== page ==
The E.P.A. replies that incineration is safe and is the only legal way of disposing of dioxin. "We are satisfied we have the technology to do the job," said Carl E. Edlund, chief of agency's Superfund Program for the Southern region. "The E.P.A. has had ongoing investigations into incineration technology since the 70's. We have a high degree of confidence in it."
But Mr. Kaufman said the agency's public pronouncements on incineration did not reflect the its internal concerns. Citing an April 1985 report by an E.P.A. scientific advisory board that was highly critical of incinerator safety regulations, Mr. Kaufman said there was no technology available, then or now, to keep constant track of the emissions from an incinerator's stack. Instead, incinerator performance is projected, based on initial test burns and the incinerator's general operating conditions.
As a result, incinerators may be just converting one hazardous substance into another, the panel said. "By E.P.A.'s own admission," Mr. Kaufman said, "its regulations on incinerators are lacking and don't do the job of protecting the environment and public health."
Dioxin has been burned at two other sites in the United States, Gulfport, Miss., and Denny Farms, Mo., without apparent incident. But the quantities were small, and opponents say they give no indication of the scale of the incineration planned for Jacksonville.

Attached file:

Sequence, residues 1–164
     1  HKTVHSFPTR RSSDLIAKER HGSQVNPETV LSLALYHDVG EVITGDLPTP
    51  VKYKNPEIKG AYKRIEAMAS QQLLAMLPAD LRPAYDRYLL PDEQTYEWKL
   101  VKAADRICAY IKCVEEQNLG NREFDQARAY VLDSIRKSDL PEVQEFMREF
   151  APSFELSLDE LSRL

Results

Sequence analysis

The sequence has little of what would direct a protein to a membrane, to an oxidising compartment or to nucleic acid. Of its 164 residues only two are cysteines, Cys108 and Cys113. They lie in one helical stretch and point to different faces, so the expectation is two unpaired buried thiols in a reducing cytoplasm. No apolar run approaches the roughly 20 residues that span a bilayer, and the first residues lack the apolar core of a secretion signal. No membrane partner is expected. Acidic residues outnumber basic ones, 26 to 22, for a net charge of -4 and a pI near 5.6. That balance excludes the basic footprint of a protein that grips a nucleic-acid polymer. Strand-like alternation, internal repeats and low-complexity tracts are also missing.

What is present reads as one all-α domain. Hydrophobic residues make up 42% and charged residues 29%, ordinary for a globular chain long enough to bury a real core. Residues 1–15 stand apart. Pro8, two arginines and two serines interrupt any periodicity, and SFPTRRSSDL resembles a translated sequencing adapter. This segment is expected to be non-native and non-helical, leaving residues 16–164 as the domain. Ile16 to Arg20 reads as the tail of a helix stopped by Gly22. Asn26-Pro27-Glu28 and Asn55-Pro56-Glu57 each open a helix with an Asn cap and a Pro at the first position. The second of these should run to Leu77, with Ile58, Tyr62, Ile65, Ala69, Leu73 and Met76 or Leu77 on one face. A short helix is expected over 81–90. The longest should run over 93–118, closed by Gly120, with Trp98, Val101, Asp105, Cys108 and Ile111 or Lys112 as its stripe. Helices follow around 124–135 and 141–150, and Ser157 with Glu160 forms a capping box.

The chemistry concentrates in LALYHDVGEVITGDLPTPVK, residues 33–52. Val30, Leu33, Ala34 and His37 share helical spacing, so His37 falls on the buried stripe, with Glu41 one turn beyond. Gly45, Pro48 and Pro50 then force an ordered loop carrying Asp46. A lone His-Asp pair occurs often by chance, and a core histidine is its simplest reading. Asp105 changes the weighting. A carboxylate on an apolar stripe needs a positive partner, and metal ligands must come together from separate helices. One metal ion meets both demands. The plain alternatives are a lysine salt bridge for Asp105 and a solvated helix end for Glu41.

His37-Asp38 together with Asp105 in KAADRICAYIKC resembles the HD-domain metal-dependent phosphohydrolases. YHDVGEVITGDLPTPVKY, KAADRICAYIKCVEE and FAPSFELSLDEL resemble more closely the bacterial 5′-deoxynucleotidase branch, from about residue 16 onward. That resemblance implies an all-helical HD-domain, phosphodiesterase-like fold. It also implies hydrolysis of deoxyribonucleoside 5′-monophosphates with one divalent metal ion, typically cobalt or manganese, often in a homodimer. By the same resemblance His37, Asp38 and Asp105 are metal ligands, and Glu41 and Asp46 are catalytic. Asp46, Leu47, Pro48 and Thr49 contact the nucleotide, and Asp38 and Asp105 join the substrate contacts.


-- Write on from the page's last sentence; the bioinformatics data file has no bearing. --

The chemical is itself a mystery. In laboratory animals it causes cancer, birth defects and developmental defects, and it reduces immunity to a variety of diseases.
But there has been no documentation of these effects on people, even though dioxin has long been a focus of scientific and environmental inquiry - at the center, for example, of the long-running dispute over the possible effects of Agent Orange, the defoliant used in Vietnam. The only ailment dioxin is known to cause in humans is chloracne, a skin disease. The largest dioxin release in history, in an accident at a chemical plant in Seveso, Italy, in 1976, resulted in no deaths or permanent injuries.
Dr. Vernon N. Houk, an assistant surgeon general and director of the Center for Environmental Health and Injury Control at the Federal Centers for Disease Control, says a growing body of information indicates that people are not as susceptible to dioxin as animals.